haywardThose of you who enjoyed Steven Hayward‘s column on former President Ronald Reagan in today’s News & Observer might appreciate this transcript of a Carolina Journal Radio/CarolinaJournal.tv conversation with Hayward tied to the publication of the second volume of Hayward’s political biography of the 40th president.

Kokai: Why does Reagan have so much of an influence over our politics and public policy?

Hayward: Well, I think he is just a large figure in every sense of the word. His personality was large, but especially his politics, and I think he ranks with Franklin Roosevelt as the other dominant, pivotal president of the 20th century. I mean, he changed our course in a number of ways, but over the last 20 years, since he left office, … a bit of confusion has arisen about him. Liberals start to like part of him, while disliking other parts, and conservatives sometimes want to remember the good parts and forget some of the more difficult parts of the Reagan administration, and have sort of lost their focus a little bit on him. So I wanted to write a long book that told the whole story, and not just parts of it, and directed our attention to some of the frustrations that are still frustrating to conservatives today. You know, how do we control big government? How do we restore the Constitution within its proper bounds? Those are questions Reagan wrestled with, with some successes, and with some failures, and with some ties.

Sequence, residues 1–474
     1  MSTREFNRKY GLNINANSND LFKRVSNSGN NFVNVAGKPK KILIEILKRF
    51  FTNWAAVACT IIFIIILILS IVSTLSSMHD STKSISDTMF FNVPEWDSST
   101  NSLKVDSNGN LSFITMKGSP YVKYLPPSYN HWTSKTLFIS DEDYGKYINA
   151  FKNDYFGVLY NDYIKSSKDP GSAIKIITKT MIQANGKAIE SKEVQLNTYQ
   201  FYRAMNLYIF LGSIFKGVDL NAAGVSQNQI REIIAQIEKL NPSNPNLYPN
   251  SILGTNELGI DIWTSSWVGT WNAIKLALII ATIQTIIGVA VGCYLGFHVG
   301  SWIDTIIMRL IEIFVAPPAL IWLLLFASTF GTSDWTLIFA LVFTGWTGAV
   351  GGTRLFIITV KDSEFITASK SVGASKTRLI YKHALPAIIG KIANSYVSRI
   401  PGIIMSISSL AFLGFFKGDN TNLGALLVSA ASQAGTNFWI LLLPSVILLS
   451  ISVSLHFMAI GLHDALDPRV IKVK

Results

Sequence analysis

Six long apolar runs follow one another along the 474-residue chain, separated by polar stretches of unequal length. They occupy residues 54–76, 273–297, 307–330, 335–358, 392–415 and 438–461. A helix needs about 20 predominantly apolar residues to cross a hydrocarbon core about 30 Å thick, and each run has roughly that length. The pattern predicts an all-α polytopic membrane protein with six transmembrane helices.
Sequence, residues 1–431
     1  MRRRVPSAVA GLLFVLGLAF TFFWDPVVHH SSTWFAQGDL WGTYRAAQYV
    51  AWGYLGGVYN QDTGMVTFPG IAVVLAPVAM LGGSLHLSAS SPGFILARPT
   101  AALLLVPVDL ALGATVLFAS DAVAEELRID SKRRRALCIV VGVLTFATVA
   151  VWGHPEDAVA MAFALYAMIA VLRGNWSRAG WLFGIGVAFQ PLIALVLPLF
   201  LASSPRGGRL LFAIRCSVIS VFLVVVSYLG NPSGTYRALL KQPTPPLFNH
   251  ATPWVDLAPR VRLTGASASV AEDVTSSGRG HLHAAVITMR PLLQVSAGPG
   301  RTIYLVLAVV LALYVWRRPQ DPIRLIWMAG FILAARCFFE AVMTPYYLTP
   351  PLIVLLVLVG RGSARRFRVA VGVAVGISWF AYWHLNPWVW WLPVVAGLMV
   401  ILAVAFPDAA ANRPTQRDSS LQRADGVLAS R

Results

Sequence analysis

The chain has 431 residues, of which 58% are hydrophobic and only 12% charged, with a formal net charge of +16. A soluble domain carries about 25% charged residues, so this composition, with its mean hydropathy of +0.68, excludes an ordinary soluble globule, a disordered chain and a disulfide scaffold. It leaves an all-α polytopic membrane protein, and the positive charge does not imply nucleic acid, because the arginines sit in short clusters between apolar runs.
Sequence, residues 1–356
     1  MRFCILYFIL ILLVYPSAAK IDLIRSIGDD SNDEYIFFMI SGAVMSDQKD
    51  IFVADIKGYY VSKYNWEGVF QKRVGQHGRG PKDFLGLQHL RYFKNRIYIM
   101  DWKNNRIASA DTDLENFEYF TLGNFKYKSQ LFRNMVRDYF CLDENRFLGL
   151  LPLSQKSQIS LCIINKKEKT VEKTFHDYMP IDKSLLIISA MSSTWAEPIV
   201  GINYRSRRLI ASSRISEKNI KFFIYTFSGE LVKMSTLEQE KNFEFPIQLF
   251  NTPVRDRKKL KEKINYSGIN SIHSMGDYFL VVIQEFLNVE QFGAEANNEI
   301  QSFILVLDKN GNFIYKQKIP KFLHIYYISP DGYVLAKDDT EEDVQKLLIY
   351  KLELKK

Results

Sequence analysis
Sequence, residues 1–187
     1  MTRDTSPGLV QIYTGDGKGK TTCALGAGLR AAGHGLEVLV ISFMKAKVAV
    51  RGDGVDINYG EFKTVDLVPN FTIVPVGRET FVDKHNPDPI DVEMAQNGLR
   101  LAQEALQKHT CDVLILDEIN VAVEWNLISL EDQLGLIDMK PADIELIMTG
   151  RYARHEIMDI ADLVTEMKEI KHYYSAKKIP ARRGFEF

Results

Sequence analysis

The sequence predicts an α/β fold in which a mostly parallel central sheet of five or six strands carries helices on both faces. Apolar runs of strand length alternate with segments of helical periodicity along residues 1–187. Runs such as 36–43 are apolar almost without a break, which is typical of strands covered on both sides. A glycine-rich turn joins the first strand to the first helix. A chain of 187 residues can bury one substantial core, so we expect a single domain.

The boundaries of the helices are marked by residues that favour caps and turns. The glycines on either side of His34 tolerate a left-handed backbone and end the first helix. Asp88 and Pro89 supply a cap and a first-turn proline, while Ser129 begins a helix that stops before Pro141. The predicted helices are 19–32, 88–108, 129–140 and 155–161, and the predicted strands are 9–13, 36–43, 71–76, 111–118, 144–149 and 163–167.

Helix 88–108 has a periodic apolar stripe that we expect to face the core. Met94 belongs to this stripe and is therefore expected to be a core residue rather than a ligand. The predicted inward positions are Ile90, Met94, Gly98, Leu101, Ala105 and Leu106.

Kokai: You called it a long book, and for those who haven’t seen it — actually, the two books together, if I count correctly, there’s about 1,500 pages on Ronald Reagan. What are some of the main things you learned during the course of your research that most people don’t really know about Reagan?

Hayward: Right. Well, I would say about both candidate Reagan in the ’70s and then President Reagan is part of his art was concealing how hard he worked, and how much he knew, and he did that for some odd reasons. One, he wanted Americans to have the feeling that the president had things under control, so one of his favorite jokes was, “You know, they say hard work never killed anyone, but I say, why take chances?” Turned out he worked really hard, often until midnight, reading documents, marking up speeches, writing his own speeches, and lots and lots of letters.

He was also a very disciplined person, in his practice, so people would say, “Gosh, Reagan doesn’t say anything in meetings.” And sometimes he did say a lot in meetings. That wasn’t universally true. But one of the reasons he didn’t say things in many meetings is that he didn’t want to read what he’d said in a newspaper the next day, because he hated leaks and knew that if he said anything important in a meeting, it would be in the paper the next day. That takes some real discipline on the part of a president to understand that.

So, you know, I think people who like to point to Reagan as their example ought to study really hard how he prepared for his speeches, the structure of his speeches — they’re often shorter than a lot of political speeches that people make today, like, you know, Bill Clinton, who can rival Fidel Castro sometimes, right? You know, there’s that — Reagan made it look so easy that I think we think that it should come easy to the rest of us, and it really doesn’t. He had to work very hard to be as good as he was.

Hayward also discussed Reagan’s legacy in a speech to the John Locke Foundation’s Shaftesbury Society in October 2009.